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How to cache password/authentication when using plainJava API

Dave Sinclair (21179) | asked Apr 24 '13, 1:28 p.m.
edited Apr 24 '13, 1:30 p.m.
I have written some plainJava API utilities to allow my department to use a CLI to create, modify and update workitems.  A user might want to add the same comment or tag to multiple work items, however at present the utilities I have written require the user to enter password,userid etc each time the utility is invoked.  Eg:

rtcwi -add 1234 -comments "this is just a dummy comment" -userid -password xxxx -repository
rtcwi -add 1235 -comments "this is just a dummy comment" -userid -password xxxx -repository
rtcwi -add 1236 -comments "this is just a dummy comment" -userid -password xxxx -repository
rtcwi -add 1237 -comments "this is just a dummy comment" -userid -password xxxx -repository

where rtcwi is the utility for adding comments to the work item (1234, 1235 etc).   If the user runs this sequence, then each time that rtcwi is invoked, the utility has to do a Team Startup and login to RTC and then do the work and then logout and do a Team Shutdown.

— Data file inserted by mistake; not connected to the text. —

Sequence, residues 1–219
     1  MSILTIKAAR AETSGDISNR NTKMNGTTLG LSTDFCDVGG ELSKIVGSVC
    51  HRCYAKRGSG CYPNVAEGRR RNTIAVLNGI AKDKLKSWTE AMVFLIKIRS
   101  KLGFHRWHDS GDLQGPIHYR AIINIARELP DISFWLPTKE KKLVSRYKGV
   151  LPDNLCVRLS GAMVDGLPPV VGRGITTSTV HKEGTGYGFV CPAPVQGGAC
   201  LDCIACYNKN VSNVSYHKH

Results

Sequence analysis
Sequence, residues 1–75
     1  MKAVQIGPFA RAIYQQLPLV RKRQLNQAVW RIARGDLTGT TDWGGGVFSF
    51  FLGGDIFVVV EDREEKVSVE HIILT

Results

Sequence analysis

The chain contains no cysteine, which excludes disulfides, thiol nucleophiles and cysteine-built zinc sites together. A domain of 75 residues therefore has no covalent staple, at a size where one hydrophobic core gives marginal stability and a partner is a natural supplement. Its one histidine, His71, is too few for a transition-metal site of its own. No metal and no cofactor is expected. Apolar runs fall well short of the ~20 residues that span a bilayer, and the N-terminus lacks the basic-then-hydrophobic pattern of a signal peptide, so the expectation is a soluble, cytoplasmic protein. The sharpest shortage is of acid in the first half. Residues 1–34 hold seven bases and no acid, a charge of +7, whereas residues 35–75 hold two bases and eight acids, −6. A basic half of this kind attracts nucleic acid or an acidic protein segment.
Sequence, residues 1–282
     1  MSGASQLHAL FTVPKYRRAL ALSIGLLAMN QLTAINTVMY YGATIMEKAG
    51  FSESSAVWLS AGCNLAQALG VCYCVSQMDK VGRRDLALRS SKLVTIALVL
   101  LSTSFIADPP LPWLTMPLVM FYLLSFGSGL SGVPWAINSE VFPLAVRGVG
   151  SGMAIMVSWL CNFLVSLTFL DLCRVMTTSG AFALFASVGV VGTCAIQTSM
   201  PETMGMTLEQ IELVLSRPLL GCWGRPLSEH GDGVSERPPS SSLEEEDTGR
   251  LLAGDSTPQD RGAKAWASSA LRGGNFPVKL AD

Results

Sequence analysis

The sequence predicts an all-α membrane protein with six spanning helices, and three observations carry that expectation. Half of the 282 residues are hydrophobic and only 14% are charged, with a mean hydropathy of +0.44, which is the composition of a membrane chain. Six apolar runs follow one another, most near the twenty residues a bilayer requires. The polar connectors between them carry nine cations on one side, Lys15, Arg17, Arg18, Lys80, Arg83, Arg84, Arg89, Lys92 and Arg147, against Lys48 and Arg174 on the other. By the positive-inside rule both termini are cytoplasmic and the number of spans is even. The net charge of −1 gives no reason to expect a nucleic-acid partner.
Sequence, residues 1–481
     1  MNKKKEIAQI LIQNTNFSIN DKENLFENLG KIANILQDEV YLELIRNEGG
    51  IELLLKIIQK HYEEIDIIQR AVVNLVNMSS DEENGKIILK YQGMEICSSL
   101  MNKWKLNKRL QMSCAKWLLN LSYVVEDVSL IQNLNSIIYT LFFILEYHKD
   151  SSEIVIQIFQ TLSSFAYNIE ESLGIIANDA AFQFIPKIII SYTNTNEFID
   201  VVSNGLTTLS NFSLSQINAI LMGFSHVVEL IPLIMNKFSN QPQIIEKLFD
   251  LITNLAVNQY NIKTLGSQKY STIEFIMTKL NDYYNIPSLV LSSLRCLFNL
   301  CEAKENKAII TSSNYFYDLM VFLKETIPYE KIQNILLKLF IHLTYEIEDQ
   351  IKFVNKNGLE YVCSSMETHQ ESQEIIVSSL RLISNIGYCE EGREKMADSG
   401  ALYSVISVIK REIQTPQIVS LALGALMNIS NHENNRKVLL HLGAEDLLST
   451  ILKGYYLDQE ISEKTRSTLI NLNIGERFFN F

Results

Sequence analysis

Is there any way to cache the authentication tokens for RTC so that if a user runs something like rtcwi mulitple times from the same host login session say, you don't have to repeat the timeconsuming login process?  I guess lscm does this - is there any example code around to help me copy that method?
many thanks.  Dave Sinclair

2 answers

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Guido Schneider (3.4k1485115) | answered Apr 25 '13, 9:07 a.m.

We do it similar to the Build Engine JBE.

We have a special command "-createpwd -filename=file" in our JazzCLI tools, which creates an encrypted password file. And for all other command we have a "-pwdfile=filename" parameter where we can reference the password file. As a special security we do only allow to use the password file on the same machine (hardware-id) where it was generated.

The session is recreated each time we call the command. But because we need this mainly in scheduled jobs, this is not relevant for us.

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Tim Mok (6.6k38) | answered Apr 24 '13, 1:54 p.m.
lscm keeps a daemon running that caches the username and password so it can retrieve the connection that was opened in a previous call. I don't believe that the daemon is available for public use so you would have to implement your own way of caching the credentials.

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